In particular, Butler called out social networking sites Facebook and Twitter, claiming that privacy initiatives and other tweaks did little to protect users if the site was vulnerable to HTTP hijacking attacks.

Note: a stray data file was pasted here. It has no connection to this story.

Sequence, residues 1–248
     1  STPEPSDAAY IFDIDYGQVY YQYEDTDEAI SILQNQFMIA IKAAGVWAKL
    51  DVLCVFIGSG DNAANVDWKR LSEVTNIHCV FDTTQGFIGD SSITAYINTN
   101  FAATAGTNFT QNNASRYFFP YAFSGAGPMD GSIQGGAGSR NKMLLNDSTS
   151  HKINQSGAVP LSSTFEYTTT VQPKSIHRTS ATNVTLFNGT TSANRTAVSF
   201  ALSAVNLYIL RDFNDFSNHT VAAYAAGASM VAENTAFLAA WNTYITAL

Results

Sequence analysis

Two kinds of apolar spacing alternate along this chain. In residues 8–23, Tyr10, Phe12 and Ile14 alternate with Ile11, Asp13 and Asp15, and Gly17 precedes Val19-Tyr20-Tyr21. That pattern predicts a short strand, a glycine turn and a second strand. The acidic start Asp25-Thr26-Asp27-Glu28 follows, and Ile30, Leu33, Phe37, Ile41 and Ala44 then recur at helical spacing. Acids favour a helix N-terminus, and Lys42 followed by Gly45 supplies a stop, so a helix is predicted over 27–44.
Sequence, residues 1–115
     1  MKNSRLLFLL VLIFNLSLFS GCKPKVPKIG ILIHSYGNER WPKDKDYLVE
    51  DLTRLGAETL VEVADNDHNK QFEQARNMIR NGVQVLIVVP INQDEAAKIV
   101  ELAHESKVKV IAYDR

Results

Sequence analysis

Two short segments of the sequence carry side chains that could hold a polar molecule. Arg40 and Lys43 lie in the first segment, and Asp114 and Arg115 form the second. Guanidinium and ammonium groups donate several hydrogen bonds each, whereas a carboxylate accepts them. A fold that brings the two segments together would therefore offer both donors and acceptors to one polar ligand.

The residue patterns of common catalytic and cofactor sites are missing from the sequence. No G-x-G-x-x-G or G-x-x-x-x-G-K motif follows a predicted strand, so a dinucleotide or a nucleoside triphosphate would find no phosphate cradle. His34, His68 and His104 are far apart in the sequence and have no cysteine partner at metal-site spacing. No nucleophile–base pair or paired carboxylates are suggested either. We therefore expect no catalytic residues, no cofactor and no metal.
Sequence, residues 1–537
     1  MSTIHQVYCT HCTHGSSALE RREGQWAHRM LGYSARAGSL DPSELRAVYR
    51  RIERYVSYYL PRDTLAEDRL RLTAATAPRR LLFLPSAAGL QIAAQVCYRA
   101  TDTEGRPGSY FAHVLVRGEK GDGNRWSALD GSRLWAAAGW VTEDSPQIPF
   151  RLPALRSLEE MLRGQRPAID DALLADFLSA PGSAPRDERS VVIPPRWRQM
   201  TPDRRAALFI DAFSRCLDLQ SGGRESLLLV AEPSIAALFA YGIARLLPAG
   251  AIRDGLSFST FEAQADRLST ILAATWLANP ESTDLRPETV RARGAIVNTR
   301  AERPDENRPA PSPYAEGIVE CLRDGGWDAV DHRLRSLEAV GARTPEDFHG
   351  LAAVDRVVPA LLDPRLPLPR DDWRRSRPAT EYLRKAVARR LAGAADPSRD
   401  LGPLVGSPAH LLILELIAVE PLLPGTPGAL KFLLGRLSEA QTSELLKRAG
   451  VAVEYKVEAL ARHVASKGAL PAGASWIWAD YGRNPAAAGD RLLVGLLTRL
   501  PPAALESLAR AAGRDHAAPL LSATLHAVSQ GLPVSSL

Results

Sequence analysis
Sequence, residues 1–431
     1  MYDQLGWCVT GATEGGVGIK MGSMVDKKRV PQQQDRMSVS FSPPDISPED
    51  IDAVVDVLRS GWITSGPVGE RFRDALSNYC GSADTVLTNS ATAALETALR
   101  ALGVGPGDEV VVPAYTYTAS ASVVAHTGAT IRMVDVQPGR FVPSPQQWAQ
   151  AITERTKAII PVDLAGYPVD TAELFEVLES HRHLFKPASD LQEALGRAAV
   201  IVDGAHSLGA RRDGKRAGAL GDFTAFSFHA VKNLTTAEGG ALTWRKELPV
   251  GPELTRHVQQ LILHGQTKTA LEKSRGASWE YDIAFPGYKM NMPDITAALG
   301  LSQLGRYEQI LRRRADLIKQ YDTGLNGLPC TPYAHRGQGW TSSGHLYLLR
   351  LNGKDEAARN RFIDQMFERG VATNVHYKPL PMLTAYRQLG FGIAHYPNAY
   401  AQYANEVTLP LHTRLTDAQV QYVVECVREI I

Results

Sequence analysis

"Facebook is constantly rolling out new 'privacy' features in an endless attempt to quell the screams of unhappy users, but what's the point when someone can just take over an account entirely?" he said. "Twitter forced all third party developers to use OAuth then immediately released (and promoted) a new version of their insecure website. When it comes to user privacy, SSL is the elephant in the room."